Blog | 3rd Feb, 2011

Decision about new coal-fired power station delayed

Environment Victoria has welcomed the Environment Protection Authority’s (EPA) request for further information from company HRL in considering their application for a works approval for a new coal fired power station for Victoria.

HRL submitted their application for a works approval on the 20th July 2010, however withdrew the application days later when they realised that their proposed coal-fired power station would fail to meet the Victorian Government’s new standard for electricity generators of 0.8 tonnes of greenhouse pollution per MWh.

HRL then resubmitted their application to the EPA in September with a new method of measuring their pollution levels, which they claim falls within the standard.

Under the Environment Protect Act, the EPA has four months to approve or deny the application, however they have ‘stopped the clock’ by requesting further information from HRL regarding the technology to be used at the power station, and noise and air impacts of the power station. The EPA has also requested a triple bottom line assessment of the project from HRL which will examine the environmental, social and economic impacts of the proposed power station.

Environment Victoria is pleased that the EPA appears to be undertaking a rigorous assessment of the proposed new coal-fired power station. However, Environment Victoria remains concerned that the project has still not been rejected by the EPA.

Environment Victoria believes that the project still fails to meet best practice for new baseload power generation, and should therefore be rejected.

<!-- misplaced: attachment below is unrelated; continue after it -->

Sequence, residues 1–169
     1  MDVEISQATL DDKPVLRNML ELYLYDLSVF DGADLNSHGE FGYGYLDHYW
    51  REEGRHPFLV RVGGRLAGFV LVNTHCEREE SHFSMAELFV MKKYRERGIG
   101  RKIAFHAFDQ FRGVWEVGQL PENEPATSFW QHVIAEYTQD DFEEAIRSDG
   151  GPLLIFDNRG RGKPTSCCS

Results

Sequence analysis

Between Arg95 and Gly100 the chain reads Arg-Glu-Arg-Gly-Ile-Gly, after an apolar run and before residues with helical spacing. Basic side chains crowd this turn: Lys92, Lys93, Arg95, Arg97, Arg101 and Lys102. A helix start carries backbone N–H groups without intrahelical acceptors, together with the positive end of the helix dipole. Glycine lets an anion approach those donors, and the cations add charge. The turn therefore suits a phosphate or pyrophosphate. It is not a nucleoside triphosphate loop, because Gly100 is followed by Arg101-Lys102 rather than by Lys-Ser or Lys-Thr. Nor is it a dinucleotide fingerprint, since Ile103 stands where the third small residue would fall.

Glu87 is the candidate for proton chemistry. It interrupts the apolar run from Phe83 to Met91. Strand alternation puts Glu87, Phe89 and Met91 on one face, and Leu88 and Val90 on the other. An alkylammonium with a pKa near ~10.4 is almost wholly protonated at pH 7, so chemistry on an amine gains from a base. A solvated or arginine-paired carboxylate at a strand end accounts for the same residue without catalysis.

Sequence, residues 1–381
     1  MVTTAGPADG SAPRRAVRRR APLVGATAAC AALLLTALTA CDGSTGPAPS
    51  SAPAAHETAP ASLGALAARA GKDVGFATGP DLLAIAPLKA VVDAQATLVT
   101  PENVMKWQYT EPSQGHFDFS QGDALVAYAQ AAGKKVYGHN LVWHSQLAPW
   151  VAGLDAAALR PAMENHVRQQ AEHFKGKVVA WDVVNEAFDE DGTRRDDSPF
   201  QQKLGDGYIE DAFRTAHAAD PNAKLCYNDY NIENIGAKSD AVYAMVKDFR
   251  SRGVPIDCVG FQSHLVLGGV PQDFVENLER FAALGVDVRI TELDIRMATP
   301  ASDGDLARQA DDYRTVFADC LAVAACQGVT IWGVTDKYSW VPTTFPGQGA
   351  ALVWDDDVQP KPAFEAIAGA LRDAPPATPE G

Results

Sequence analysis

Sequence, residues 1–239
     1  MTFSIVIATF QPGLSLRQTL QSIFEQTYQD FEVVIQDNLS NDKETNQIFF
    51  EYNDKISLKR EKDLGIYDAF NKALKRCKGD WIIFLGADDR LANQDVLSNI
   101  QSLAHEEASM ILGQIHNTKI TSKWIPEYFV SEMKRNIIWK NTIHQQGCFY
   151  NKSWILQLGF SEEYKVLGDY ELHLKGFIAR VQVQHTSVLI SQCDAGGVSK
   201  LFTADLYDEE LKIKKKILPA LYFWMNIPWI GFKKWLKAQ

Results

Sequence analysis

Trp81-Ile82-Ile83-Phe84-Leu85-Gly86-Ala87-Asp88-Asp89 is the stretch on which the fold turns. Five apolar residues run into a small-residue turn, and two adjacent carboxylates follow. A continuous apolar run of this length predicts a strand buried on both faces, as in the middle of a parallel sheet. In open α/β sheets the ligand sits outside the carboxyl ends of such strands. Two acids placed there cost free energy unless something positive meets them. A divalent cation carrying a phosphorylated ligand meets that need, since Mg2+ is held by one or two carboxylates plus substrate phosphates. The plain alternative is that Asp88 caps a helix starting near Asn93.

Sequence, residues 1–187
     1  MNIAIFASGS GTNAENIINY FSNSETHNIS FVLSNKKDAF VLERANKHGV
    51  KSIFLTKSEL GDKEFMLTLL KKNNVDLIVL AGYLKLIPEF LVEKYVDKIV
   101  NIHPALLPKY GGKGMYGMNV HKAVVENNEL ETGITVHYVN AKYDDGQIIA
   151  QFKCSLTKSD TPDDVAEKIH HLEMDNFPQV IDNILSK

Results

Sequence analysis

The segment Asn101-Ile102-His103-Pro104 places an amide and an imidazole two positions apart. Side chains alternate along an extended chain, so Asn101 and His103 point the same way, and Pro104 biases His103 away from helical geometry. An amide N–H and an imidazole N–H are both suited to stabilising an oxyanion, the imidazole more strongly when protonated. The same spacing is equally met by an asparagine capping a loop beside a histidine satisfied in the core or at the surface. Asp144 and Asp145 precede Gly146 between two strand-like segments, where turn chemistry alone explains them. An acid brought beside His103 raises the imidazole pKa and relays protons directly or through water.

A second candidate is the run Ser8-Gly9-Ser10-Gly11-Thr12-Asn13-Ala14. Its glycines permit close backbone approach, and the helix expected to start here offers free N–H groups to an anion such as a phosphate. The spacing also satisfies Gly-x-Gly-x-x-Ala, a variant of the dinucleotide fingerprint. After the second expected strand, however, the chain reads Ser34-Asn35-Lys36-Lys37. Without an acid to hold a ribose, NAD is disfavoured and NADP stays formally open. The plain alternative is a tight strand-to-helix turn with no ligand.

Environment Victoria also remains concerned about water, air and noise pollution that will occur due to the new power station, causing health threats to the environment and community.

Further, Environment Victoria believes that the EPA should reject the proposal based upon the guiding principles of the Environment Protection Act including, but not limited to, the precautionary principle, the principle of intergenerational equity and the principle of accountability – that the aspirations of the people of Victoria for environmental quality should drive environmental improvement.

The EPA received approximately 4,000 submissions from the community regarding the HRL works approval application. All but 13 of these were in opposition to the proposal. This is the highest number of submissions the EPA has ever received, and is a strong indication of the high level of community concern regarding the proposal.

If the EPA is to uphold the guiding principles of the Environment Protection Act, and ensure that new electricity generation in Victoria meets true best practice then they should reject the HRL works approval for a new coal-fired power station.